Coming to theatres from director Eran Riklis and Pathetic is the story of a relationship most uncommon with ZAYTOUN.

This film tells the story of Fahed (Abdallah El Akal), a young Palestinian boy living in Beirut in 1982. Living life the best he can with school and training, he wants more for his life and now that life is about to change.

An Israeli jet crashes and the pilot Yoni (Stephen Dorff) is captured. Fahed watches as men from his village beat the pilot for refusing to answer their questions. Then, in a matter of days, Fahed loses his father and best friend.

Knowing there is only one thing to make it all right, Fahed wants to take the tree of his father to Israel. Getting there requires taking Yoni with him. What starts out as two enemies suffering one another – can end as two human beings understanding one another.

Now, they travel together with danger around every turn trusting one another in a place where trust is hard to come by.

FINAL WORD: Dorff as Yoni is a straightforward Israeli whose only goal is to get home to his wife who is expecting. Being the strong soldier is difficult but even the character of Yoni knows life on the ground is more intense than in the air. Being a big fan of Dorff and enjoy the evil he can bring to characters this is a total change that shows a side of his abilities that brings heart and pure soul – that is what got my attention most!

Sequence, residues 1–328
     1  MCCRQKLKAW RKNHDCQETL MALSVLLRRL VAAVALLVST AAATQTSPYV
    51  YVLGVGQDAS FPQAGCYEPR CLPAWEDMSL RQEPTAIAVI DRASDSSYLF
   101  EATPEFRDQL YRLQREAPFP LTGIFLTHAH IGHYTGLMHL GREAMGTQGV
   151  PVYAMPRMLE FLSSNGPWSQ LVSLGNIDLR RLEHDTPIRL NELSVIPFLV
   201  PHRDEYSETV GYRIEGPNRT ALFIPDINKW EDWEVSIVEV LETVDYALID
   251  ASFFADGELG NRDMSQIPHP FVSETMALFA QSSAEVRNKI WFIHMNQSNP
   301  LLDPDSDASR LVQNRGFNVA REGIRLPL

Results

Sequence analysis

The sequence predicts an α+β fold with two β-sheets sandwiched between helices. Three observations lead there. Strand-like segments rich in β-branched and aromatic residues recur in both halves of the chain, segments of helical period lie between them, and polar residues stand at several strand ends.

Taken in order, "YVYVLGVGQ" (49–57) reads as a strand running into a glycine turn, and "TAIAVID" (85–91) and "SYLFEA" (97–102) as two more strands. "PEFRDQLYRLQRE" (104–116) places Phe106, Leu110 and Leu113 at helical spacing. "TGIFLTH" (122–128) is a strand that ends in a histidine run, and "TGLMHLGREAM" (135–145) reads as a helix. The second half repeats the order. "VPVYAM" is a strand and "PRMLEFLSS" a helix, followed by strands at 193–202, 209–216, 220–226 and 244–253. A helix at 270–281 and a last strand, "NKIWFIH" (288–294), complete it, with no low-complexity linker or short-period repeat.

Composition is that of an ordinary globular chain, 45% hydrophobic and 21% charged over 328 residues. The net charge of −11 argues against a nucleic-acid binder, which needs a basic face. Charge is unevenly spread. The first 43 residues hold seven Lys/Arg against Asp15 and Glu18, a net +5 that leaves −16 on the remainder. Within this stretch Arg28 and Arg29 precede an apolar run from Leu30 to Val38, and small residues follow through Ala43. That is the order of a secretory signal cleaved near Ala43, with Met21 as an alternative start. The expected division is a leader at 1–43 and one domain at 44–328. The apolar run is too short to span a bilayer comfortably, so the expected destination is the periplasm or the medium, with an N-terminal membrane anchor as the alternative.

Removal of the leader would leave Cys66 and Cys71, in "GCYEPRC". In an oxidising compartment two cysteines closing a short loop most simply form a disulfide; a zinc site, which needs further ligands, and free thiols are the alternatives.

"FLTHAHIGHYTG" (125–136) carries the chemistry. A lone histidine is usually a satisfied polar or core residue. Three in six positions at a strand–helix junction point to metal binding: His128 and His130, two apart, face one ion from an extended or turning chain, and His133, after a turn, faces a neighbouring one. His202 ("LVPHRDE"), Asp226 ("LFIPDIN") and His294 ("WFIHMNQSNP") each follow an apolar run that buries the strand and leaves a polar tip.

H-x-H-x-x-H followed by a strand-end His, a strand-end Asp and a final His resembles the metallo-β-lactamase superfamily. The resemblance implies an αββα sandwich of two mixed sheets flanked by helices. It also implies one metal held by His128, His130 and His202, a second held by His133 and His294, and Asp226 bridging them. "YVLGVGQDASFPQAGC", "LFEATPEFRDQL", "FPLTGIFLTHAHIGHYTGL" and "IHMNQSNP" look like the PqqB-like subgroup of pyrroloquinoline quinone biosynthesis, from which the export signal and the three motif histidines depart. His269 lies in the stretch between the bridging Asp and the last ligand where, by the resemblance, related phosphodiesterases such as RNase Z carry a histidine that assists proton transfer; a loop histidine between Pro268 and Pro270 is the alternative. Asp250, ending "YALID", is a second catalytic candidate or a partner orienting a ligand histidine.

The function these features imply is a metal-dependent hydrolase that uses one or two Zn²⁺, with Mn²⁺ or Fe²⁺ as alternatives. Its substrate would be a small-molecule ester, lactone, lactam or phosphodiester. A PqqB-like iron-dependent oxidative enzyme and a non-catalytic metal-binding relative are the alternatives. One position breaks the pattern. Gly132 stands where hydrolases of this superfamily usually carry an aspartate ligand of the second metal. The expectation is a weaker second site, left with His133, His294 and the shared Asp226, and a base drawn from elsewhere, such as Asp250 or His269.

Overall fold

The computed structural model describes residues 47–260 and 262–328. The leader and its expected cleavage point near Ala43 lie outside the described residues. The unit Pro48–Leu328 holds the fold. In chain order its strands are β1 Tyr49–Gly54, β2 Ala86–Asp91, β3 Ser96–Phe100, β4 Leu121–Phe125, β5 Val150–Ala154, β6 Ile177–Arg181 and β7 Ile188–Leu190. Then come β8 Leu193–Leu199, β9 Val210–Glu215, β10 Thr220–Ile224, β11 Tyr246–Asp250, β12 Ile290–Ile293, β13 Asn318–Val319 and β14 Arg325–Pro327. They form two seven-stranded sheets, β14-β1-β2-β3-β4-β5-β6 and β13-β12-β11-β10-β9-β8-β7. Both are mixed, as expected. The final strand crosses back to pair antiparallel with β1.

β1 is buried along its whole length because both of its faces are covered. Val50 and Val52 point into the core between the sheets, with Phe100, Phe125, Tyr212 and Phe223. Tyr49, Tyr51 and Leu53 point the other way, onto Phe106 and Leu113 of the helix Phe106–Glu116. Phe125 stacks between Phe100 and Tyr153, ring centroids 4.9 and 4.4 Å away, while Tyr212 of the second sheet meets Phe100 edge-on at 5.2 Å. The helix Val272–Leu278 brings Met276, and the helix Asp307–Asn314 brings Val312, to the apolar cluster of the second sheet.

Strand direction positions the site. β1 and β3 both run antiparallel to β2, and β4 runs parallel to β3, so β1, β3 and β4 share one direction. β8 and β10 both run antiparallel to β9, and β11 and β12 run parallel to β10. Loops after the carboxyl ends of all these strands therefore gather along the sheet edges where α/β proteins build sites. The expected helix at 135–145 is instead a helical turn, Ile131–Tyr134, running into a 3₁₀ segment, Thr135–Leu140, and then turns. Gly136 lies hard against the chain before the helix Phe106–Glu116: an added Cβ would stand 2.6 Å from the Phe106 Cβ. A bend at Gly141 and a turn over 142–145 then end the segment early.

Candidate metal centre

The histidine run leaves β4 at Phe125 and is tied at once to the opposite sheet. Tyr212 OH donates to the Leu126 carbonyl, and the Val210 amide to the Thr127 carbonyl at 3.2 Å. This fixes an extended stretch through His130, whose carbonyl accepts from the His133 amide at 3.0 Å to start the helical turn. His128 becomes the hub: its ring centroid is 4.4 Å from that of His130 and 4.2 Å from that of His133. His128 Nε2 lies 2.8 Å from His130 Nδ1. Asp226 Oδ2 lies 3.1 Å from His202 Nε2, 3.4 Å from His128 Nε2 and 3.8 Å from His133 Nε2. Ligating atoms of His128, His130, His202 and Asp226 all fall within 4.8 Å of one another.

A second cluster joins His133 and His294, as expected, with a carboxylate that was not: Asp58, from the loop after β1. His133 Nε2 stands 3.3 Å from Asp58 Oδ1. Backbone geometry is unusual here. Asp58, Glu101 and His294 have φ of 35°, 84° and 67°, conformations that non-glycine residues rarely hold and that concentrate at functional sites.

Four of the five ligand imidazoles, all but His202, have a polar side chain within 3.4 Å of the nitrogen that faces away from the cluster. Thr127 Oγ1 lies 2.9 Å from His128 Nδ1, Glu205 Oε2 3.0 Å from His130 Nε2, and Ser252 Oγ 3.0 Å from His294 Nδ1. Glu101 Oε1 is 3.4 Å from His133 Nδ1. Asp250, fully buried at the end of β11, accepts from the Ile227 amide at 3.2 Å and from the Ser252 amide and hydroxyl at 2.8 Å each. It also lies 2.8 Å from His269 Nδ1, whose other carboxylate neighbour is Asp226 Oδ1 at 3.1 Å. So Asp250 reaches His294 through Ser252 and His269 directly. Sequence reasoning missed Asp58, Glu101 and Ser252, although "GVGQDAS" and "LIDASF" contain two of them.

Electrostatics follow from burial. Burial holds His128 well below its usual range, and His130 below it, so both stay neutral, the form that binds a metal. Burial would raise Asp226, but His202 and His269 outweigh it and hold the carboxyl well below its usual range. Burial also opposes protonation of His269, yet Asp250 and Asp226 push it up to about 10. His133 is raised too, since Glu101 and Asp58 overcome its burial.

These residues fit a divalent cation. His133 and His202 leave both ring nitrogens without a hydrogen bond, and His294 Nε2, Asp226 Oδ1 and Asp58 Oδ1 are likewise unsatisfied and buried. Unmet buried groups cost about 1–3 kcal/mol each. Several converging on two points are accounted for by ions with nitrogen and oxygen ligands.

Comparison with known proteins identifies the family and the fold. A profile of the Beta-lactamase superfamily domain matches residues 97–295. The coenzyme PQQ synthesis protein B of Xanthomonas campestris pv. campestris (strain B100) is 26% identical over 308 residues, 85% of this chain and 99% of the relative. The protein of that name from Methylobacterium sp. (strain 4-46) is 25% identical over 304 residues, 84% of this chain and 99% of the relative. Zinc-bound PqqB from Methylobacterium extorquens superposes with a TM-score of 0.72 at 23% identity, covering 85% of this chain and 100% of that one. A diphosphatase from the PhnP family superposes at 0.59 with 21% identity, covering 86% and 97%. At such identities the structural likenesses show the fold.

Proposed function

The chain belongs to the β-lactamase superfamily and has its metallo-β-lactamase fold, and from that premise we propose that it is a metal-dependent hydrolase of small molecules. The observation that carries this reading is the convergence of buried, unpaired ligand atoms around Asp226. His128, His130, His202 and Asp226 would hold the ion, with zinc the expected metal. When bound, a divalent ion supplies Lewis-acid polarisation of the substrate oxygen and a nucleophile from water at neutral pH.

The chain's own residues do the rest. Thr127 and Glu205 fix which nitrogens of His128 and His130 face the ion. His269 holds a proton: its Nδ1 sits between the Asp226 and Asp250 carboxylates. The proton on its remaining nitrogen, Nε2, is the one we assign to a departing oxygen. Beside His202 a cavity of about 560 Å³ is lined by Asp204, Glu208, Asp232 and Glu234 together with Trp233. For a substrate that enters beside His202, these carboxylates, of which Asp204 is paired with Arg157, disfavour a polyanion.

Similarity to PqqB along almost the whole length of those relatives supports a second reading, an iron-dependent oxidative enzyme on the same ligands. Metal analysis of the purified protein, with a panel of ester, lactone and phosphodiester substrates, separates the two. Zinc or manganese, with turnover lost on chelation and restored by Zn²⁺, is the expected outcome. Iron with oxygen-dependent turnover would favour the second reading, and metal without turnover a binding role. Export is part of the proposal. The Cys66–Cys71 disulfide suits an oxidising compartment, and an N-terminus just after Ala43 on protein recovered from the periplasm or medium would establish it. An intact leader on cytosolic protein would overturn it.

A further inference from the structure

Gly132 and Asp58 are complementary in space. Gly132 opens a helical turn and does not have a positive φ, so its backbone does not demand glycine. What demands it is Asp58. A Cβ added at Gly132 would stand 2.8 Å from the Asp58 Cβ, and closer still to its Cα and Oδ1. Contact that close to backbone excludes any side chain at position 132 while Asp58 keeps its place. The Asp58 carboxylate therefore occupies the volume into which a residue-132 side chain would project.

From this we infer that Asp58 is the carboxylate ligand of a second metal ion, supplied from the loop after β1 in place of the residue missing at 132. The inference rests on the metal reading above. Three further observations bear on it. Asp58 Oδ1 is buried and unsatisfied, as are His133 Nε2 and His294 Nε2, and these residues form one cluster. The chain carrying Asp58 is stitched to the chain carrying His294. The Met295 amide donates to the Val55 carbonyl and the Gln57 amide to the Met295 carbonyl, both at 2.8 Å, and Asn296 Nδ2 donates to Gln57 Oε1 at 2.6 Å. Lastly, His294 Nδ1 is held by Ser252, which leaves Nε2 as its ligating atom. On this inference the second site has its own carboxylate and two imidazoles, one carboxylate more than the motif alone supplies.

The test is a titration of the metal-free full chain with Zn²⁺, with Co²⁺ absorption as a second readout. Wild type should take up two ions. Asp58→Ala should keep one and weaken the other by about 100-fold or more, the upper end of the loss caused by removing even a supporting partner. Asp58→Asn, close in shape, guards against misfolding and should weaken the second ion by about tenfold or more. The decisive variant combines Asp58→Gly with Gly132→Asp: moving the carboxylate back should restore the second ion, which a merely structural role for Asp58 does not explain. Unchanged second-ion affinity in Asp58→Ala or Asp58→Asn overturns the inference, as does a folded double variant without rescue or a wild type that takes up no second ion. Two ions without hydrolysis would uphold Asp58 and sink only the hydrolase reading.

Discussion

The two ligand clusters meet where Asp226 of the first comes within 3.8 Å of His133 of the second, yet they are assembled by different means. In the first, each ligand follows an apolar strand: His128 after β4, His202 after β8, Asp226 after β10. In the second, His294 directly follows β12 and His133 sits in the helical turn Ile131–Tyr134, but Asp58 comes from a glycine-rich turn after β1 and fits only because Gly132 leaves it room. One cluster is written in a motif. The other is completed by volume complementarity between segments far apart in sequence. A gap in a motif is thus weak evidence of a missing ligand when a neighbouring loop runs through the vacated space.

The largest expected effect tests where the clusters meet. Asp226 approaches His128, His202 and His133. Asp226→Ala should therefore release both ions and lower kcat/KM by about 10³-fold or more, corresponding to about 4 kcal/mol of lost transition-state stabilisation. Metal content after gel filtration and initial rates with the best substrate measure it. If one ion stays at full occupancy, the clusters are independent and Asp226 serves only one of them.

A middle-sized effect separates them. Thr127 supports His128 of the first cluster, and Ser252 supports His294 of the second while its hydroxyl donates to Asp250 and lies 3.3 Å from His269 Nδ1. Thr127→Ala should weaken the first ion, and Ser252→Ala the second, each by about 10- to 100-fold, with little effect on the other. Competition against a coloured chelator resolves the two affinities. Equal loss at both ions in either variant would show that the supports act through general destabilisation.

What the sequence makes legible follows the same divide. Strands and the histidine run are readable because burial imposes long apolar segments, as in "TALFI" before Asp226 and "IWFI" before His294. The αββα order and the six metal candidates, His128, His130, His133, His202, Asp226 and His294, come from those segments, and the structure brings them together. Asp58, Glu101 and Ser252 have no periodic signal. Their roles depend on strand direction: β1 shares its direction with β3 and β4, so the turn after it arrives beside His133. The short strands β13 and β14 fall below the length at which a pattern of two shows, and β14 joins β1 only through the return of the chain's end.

Akal as Fahed is an amazing young actor. His performance here is gritty, emotional, stubborn and yet trusting when it comes to his family’s legacy. Don’t let this fresh face fool you as Akal has been on film since 2006. He has already won a Best Lead Actor award for his role in DAVID & KAMAL at the Romanian 2012 Brasov International Film Festival. I expect we will see him again.

Other cast include: Alice Taglioni as Leclair, Loai Nofi as Aboudi, Tarik Kopty as Seedo, Mira Awad as Im Ahmed, Jony Arbid as Abu Fahed, Ashraf Farah as Kahled, Adham Abu Aqel as Ahmed, Nidal Badarneh as Mustafa, Hezi Gangina as Casanova and Morad Hassan as Rami,

TUBS OF POPCORN: I give ZAYTOUN four tubs of popcorn out of five. What an extraordinary story from beginning to end. The relationships of Yoni and Fahed starts with such a strain based on a conflict that came before either of them was born. The mistrust and misgivings are so poignantly painful.

This is a story filled with that of course, but also a celebration of friendship based on learning the life story each of us share. There is a history and culture that is not far based from one another and these two characters learns that love, faithfulness and belief in something greater is the starting point to understanding.

In the end – friendships can form in the most unexpected places.



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Jeri Jacquin

Jeri Jacquin covers film, television, DVD/Bluray releases, celebrity interviews, festivals and all things entertainment.

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